The Parkdale Food Centre, which recently denounced chips, cookies, Kraft Dinner and other foods is getting a $92,000 provincial government grant.
The Ontario Trillium Foundation, which has its own board, selects the grant recipients, but the funds come from transfer payments via the Ministry of Tourism, Culture and Sport.
Centre co-ordinator Karen Secord said the money will be used for the collective kitchen initiative.
"For people who are living in marginal housing, for guys that live in rooming houses for example that only have a tiny little fridge, they're going to be able to come in and cook with us...and make big pots of things and then they're going to be able to take it themselves and put it in containers which we'll supply and store it onsite with us in a commercial freezer...People are going to be getting whole food they made themselves."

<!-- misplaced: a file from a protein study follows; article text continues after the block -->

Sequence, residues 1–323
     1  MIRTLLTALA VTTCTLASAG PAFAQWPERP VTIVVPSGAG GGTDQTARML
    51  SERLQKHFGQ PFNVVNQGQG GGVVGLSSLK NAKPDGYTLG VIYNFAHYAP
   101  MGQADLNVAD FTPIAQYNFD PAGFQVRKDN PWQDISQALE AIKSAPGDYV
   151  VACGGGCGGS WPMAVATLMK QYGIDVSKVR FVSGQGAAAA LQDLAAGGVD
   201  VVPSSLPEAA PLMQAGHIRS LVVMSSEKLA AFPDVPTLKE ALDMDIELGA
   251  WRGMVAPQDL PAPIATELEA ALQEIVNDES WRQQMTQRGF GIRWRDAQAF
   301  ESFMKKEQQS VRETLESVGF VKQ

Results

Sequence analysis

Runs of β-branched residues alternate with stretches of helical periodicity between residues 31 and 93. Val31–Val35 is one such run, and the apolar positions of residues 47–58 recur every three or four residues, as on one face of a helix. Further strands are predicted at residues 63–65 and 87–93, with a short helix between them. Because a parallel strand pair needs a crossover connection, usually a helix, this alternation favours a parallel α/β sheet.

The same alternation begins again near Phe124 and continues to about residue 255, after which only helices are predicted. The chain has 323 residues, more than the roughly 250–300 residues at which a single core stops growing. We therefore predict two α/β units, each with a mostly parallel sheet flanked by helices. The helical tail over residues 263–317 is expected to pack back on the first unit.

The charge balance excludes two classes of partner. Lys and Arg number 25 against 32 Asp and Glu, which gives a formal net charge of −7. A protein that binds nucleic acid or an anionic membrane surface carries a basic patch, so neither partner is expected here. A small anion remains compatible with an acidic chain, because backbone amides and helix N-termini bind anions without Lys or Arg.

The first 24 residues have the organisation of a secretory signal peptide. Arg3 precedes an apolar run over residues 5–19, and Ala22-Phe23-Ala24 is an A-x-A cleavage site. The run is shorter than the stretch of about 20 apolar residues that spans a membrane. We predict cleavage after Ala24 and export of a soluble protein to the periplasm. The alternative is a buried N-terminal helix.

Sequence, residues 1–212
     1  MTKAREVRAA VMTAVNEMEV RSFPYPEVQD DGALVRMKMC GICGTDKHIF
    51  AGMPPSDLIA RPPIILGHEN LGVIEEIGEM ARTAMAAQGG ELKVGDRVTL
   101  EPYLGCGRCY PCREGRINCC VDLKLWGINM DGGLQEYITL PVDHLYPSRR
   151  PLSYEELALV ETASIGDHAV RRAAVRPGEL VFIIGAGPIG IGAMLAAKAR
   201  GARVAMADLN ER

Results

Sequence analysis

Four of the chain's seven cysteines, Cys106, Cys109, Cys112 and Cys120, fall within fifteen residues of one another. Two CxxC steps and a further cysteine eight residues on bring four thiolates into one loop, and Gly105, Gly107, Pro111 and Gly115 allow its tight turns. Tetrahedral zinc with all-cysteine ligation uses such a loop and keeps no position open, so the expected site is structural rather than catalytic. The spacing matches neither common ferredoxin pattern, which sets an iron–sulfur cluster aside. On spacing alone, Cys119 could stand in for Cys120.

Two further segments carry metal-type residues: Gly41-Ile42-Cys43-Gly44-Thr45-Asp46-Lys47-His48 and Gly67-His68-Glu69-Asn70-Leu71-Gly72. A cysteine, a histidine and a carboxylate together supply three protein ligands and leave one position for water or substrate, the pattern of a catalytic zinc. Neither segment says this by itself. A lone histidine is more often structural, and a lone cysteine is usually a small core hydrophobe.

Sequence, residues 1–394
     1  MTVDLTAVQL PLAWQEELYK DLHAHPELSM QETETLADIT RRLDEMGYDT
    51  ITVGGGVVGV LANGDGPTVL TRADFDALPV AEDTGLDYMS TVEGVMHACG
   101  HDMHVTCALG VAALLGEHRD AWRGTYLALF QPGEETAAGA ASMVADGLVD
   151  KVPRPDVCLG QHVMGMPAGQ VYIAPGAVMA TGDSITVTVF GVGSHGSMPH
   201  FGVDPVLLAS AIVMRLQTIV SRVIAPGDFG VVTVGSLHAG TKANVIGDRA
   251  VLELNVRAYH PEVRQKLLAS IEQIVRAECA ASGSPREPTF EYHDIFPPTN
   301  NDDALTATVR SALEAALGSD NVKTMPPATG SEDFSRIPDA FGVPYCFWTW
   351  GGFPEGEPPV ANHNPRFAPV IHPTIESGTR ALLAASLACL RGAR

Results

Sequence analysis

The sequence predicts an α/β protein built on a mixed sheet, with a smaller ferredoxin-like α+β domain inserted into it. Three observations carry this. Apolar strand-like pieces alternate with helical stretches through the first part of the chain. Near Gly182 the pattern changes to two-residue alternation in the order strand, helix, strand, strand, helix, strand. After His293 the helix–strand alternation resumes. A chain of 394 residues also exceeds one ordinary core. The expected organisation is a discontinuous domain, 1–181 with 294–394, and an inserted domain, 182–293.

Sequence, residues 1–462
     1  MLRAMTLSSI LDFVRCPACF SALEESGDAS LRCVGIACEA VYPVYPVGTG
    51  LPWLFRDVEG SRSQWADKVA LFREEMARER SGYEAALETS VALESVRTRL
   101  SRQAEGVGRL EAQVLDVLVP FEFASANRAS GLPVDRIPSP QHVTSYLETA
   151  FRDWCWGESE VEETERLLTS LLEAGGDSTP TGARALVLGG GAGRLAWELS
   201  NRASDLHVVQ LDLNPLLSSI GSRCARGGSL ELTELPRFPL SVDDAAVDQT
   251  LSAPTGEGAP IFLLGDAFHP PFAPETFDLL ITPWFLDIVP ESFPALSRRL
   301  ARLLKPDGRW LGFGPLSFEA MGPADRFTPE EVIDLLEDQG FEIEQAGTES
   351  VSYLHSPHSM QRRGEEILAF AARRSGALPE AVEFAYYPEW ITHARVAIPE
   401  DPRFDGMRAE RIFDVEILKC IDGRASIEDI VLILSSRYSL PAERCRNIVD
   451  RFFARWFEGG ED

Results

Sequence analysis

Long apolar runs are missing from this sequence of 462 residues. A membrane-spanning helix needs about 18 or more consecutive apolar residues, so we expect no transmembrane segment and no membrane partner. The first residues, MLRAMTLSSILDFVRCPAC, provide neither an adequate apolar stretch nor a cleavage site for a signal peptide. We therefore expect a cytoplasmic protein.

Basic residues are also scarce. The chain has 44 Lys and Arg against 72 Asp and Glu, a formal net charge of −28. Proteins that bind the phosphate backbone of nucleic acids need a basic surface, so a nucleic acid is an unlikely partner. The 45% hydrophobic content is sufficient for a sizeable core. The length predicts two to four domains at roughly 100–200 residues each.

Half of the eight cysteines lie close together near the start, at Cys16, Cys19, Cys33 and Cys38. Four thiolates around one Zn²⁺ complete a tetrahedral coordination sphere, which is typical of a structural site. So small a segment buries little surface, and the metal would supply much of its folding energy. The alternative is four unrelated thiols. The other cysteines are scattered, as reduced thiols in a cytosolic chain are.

Secord sparked a debate last month after stating that certain donations and items were not welcome and in some instances sent back to the Ottawa Food Bank, causing some residents to fume and pledge not to give in the future.
Ottawa-Centre MPP Yasir Naqvi said at the official presentation on Thursday he had no qualms about the centre getting provincial cash.
"Well, I'm very proud to be supporting Parkdale Food Centre because it's really making a positive difference in people's lives...It's just not a food bank anymore, this is a community place where more personal interest is being taken as to what people eat, how they prepare their food."
Secord boasted donations have not taken a hit, and in fact, are up tenfold compared to last August. She insisted the centre is seeing even more fresh items since her divisive remarks.
"We've had farmers coming from as far away as an hour in Quebec, bringing us fresh produce. The other day, we had a farmer from Buckingham come in with two great big buckets full of organic kale, cucumbers and zucchini."
Secord appeared to backtrack on Thursday by insisting Kraft Dinner and other so-called unhealthy foods are, and always were, accepted.